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Yang, Zezhou (2024) An Experiment in New Nepali Studies: Decolonisation, Transculturation, and Everyday Life Between (and Beyond) Nepal and China. PhD thesis. SOAS University of London. DOI:

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This thesis explores the potential contours of new academic bodies of Nepali Studies, and in doing so, questions for whom these bodies of knowledge might be reshaped. It proposes that the current academic discourse of Nepali Studies, with its predominantly Western-centric, nation-state-affiliated characteristics, often fails to serve the diverse needs of local actors. These actors frequently embody nuanced forms of cross-border engagement, entangled in various power geometries, and grounded in everyday contexts. In this thesis, I argue for a more dynamic and inclusive Nepali Studies that produces nuanced, place-specific knowledge derived from the lived experiences of various trans-regional actors. It asserts the importance of a simultaneous decolonising reflection on the intersection of coloniality, knowledge production, and power in Asian contexts. The contentious presence of China in Nepal’s history, particularly in the recent decade, provides a robust case study. This thesis delves into empirical and concrete instances of Nepal-China engagement, starting by examining the pre-modern trans-Himalayan complexity of Nepal-related knowledge. It scrutinises how such trans-local knowledge has been negated, reshaped, and integrated into the dominant colonial knowledge framework since the early 20th century. With the matrix of coloniality in knowledge production as its backdrop, the thesis then moves to the contemporary era. It investigates how Nepal is portrayed in modern trans-Himalayan cultural artefacts, such as travelogues and Vlogs, seen as inventive modalities of knowledge dissemination that can often enable marginalised actors to gain mobility within the globalised world. This thesis also addresses spatial aspects of contact, exploring several transnational spaces and how they influence various transnational power dynamics in everyday contexts. It pays particular attention to emerging Trans-Himalayan mobility patterns and tactics used by various actors to navigate turbulent times. By examining concrete instances of engagement between Nepal and China, I adopt a public, participatory, and collaborative stance.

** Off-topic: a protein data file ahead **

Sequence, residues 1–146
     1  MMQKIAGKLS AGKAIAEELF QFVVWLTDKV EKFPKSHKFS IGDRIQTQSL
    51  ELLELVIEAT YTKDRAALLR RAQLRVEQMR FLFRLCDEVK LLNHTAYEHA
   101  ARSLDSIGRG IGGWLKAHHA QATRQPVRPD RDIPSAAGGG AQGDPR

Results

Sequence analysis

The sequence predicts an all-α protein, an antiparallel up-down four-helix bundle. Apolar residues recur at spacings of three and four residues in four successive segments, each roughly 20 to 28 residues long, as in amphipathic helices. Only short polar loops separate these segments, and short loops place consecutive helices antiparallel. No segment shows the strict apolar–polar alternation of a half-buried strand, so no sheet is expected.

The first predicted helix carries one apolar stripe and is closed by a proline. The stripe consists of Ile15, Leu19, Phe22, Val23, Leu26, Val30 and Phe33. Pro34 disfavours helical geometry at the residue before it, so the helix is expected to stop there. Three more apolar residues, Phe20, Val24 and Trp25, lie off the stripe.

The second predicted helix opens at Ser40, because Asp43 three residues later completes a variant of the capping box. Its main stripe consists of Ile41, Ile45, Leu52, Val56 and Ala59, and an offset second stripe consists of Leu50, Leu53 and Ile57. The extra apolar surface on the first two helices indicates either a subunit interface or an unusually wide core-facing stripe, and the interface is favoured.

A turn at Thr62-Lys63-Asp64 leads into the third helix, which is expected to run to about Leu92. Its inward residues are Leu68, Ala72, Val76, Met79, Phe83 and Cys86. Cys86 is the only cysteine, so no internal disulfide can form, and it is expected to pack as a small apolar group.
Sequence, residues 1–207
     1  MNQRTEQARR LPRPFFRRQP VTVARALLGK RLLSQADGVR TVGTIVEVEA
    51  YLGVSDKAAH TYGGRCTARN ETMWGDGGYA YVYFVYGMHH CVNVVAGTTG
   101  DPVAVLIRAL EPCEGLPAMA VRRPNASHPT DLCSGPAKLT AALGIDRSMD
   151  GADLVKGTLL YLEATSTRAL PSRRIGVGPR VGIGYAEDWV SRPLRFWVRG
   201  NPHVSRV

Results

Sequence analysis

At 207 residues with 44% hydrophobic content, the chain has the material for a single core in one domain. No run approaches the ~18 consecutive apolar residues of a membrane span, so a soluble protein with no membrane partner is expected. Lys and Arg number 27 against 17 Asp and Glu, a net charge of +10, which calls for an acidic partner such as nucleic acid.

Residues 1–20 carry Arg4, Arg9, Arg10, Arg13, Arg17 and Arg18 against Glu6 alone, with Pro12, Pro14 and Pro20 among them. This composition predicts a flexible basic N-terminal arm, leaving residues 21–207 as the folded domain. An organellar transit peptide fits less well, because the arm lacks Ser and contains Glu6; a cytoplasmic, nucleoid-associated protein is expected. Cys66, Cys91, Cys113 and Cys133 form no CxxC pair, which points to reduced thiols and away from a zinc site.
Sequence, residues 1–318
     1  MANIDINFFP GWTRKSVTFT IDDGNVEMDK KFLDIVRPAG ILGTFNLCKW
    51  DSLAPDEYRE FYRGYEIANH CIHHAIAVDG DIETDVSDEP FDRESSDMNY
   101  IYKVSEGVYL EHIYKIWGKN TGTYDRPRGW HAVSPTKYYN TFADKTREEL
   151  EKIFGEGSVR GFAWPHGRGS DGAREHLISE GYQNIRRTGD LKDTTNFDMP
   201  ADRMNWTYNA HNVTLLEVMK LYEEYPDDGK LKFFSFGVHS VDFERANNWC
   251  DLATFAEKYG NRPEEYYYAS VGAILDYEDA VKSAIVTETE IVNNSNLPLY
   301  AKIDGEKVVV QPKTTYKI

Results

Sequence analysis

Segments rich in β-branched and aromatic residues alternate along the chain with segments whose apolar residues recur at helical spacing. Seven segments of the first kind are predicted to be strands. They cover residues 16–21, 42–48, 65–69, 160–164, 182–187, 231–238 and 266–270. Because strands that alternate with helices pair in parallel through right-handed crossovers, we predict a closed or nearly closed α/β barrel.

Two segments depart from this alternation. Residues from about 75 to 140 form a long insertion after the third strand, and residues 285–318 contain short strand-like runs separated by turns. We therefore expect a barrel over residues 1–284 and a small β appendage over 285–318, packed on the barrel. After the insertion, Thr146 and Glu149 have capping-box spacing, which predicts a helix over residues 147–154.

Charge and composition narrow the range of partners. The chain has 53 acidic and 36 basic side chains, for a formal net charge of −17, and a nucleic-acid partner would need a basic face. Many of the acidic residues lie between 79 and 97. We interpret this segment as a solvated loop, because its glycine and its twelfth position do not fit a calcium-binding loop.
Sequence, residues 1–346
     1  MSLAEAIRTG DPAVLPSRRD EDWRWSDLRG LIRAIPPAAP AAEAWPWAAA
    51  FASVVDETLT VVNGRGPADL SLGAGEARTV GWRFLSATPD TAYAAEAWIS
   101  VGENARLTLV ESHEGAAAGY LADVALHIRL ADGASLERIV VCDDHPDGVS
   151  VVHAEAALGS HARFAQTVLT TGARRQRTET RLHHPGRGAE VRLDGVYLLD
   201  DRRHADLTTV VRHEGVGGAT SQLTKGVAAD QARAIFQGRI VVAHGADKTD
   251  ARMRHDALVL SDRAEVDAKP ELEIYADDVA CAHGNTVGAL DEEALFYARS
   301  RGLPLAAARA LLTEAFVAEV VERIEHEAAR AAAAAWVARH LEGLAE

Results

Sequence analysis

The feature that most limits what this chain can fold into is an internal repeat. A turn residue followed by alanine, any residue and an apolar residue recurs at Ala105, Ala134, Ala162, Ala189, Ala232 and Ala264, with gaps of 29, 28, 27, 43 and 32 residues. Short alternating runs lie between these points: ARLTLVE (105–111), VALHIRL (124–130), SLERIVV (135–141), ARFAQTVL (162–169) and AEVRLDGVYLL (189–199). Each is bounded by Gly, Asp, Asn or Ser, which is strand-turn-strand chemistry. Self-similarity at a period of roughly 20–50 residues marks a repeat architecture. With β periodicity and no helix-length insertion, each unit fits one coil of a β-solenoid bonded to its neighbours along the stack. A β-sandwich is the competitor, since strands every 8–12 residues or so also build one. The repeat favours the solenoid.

Item Type: Theses (PhD)
SOAS Departments & Centres: SOAS Research Theses
Supervisors Name: Rachel Harrison
DOI (Digital Object Identifier):
Date Deposited: 01 Mar 2024 15:45

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